“I wanted to get my music out, so it suddenly occurred to me – put your music out,” he tells PEOPLE. “Don’t wait for somebody. Don’t wait for permission.”


By Nancy Kruh
July 20, 2017 11:25 AM

Is it even possible for one artist to release an original single every week for an entire year? Charles Esten sure didn’t think so – that is, until he did it.

Back in July 2016, when he announced, via Facebook, that he was planning to release a single a week, “I was thinking I might make 22 songs, which would be [the equivalent of] two albums,” says the 51-year-old actor who plays the smoldering and all-suffering singer/songwriter Deacon Claybourne on CMT’s Nashville.

But Esten, a real-life singer/songwriter long before acting took over, was still rolling out singles six months into the project – and as he refreshed his song supply with new material, it dawned on him that he could do what no artist had ever done before.

Of course, it isn’t like anyone has ever tried.

Credit: Christie Goodwin

When he undertook what he has dubbed #EverySingleFriday, Esten grasped that his TV fame had put him in a unique position: a sizable fan base following his career, a library of music he’d amassed through years of writing and co-writing, and none of the constraints that would have been placed on him by record companies (that, granted, are far more preoccupied with younger artists).

“I wanted to get my music out, so it suddenly occurred to me – put your music out,” he tells PEOPLE. “Don’t wait for somebody. Don’t wait for permission.”

How he’d get it out soon fell into place. Based in Nashville, Esten recorded most of the songs at the home studio of a frequent musical collaborator, and he had access to the city’s immense stable of studio musicians. Apple Music gave the singles a public space (where they can be found at bit.ly/EverySingleFriday). And his wife, Patty, with years of organizational experience as Kevin Costner’s former assistant, rode herd on scheduling and other details.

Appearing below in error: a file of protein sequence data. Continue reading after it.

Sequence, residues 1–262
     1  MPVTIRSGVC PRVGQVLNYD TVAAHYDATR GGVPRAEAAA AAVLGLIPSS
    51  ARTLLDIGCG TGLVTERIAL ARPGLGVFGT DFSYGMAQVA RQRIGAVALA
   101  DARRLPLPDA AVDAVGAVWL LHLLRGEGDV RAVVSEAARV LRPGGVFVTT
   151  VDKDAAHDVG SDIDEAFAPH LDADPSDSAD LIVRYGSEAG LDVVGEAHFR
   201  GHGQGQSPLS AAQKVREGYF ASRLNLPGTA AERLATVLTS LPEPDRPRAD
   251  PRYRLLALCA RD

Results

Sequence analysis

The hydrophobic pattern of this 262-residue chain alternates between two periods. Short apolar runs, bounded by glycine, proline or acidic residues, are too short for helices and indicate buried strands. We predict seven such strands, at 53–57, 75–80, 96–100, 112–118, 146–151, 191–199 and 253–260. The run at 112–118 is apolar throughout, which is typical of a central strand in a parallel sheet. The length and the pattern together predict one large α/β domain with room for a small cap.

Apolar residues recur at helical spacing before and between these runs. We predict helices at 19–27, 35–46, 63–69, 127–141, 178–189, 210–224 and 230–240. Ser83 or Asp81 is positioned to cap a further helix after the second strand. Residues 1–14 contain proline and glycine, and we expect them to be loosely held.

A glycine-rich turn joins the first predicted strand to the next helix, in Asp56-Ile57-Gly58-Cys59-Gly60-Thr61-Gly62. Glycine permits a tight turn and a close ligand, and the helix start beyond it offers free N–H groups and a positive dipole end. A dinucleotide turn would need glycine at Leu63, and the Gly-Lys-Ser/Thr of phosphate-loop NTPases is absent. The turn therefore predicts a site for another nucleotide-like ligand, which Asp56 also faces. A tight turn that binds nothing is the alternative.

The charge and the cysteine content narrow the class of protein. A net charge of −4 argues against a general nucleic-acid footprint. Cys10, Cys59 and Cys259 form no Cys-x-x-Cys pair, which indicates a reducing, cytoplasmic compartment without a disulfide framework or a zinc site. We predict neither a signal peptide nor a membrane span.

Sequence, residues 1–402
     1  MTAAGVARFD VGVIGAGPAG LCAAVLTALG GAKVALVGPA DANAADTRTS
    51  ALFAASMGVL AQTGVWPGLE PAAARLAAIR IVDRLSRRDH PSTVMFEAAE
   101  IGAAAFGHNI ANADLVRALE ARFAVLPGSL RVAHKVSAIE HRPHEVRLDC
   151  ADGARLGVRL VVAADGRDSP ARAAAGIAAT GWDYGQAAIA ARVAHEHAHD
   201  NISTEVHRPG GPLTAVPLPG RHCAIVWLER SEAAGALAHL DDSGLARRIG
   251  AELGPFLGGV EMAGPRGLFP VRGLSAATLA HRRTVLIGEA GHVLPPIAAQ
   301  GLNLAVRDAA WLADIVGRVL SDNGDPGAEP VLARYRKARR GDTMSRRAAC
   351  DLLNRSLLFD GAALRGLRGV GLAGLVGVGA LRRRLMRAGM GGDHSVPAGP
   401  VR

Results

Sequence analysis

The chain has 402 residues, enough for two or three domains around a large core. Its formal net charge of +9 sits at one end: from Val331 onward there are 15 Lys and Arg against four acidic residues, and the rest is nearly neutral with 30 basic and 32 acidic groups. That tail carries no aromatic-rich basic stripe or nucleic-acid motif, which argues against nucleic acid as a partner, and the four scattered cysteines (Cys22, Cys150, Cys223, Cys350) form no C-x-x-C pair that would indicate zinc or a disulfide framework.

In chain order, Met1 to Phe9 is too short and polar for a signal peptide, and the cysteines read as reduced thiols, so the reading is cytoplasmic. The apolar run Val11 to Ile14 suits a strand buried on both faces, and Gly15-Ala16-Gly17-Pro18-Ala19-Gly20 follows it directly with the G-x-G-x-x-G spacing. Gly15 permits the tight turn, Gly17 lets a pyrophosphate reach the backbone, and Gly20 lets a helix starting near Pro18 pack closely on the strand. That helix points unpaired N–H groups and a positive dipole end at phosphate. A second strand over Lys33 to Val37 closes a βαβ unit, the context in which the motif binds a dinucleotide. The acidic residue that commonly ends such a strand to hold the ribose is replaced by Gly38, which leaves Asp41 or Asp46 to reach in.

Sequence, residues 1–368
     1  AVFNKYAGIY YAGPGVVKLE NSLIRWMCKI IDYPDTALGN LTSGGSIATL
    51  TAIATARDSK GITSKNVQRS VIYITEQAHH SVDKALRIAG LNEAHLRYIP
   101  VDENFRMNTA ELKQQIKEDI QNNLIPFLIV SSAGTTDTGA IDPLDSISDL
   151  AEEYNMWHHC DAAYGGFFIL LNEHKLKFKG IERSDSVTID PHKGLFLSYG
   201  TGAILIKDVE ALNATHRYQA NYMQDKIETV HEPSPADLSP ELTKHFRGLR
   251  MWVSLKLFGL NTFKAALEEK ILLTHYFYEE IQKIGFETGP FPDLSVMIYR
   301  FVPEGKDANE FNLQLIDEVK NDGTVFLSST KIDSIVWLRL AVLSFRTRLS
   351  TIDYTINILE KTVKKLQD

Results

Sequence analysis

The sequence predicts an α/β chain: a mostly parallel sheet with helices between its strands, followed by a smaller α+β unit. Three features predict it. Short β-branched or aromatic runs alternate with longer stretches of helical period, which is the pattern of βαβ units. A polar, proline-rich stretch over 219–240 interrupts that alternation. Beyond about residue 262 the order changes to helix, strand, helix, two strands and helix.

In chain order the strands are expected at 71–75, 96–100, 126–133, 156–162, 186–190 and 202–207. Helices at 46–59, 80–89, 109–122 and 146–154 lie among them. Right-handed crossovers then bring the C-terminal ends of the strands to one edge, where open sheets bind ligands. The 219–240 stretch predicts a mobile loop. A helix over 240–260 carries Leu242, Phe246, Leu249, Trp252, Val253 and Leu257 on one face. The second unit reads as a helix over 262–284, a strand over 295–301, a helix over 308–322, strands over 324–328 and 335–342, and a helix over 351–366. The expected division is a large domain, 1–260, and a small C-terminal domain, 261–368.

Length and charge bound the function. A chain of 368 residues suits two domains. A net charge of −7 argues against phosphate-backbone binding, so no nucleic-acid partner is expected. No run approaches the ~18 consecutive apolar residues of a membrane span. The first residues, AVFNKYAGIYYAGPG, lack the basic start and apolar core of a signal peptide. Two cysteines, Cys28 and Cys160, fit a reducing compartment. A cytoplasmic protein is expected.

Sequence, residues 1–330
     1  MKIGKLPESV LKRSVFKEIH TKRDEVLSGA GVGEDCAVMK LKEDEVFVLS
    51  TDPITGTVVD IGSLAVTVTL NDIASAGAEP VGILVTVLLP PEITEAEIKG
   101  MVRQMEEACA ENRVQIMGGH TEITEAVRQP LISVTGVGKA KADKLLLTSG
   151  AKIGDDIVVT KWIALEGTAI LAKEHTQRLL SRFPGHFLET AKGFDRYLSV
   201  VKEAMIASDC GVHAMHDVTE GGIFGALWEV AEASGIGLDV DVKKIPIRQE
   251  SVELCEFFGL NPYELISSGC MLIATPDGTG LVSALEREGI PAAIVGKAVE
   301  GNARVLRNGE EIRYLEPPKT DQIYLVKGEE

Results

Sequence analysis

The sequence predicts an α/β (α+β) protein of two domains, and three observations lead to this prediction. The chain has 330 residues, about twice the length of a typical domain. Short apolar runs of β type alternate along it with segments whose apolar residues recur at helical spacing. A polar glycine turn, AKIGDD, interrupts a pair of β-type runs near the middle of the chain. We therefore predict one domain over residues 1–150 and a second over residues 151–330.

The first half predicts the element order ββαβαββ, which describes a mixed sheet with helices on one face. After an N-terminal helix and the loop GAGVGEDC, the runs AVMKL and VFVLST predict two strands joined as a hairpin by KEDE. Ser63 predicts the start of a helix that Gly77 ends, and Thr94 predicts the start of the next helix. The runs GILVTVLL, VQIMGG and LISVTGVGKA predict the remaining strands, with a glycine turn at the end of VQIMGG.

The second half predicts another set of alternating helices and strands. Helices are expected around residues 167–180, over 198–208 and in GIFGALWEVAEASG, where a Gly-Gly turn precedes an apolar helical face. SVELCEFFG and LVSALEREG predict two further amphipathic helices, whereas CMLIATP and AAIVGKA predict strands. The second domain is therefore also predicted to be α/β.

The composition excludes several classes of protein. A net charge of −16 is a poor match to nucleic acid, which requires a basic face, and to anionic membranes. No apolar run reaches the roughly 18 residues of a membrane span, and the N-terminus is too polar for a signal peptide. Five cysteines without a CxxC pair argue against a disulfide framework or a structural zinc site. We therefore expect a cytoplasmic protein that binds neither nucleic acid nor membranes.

Credit: Michael Loccisano/Getty

Still, Esten had to cram the project into an already busy life – that was only getting busier. Just in recent months, Esten unexpectedly lost his TV wife, Rayna James, when Connie Britton departed the show, leaving him with an increased “emotional load” – not to mention an extra on-set workload. He also took on playing “Carl Sr.” in a series of Carl’s Jr. commercials, and in June, he shouldered hosting duties for the CMT Music Awards.

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Through all the competing priorities, he says, the songs never became “the side thing” in his life. “And if I’m going to be honest,” he adds, “there were many times [in the studio] … where I’d look at my watch and go, ‘Aw, jeez, I gotta go to work’ – like I was heading toward some coal mine! So I think that might speak to the place [the project] has in my heart and my life.”

Esten’s output is an astonishing array of musical styles, sounds and themes, all with a country vibe. Songs range from heartbreaking (“Dancing All Around It”) to frivolous (“I Love You, Beer”), from soulful (“Everything to Me”) to rockabilly (“I Love You (But I Don’t Like You)”), and from naughty (“A Lotta Shouldn’t Oughta”) to faith-filled (“Come to the Table”).

Credit: Christie Goodwin

And yeah, there’s some Deacon thrown in, too. “Absolutely,” says Esten, a solid family man with none of his alter-ego’s demons. “It sure doesn’t hurt to walk in the boots of a guy who goes through everything Deacon goes through … He is a country song.”

Esten’s 52nd song, “Long Haul,” dropped on July 7, and he celebrated his feat with a free concert on Wednesday in the Country Music Hall of Fame and Museum’s CMA Theater in Nashville. (Advance to 43:30 to watch below.) Just for good measure, he released No. 53, “I’m Coming Home,” on Friday, and he plans to cap the project with 54 this week.

After that, he hopes to build listenership on streaming services (one single, “Through the Blue,” already has 5.5 million Spotify streams), the occasional live performance and perhaps some music videos and a compilation album.

In the meantime, the project has allowed Esten to fully embrace his identity as a singer/songwriter.

“Acting had the strong hand for so long,” he says. “EverySingleFriday is just putting things things back in balance to say that I’m both.”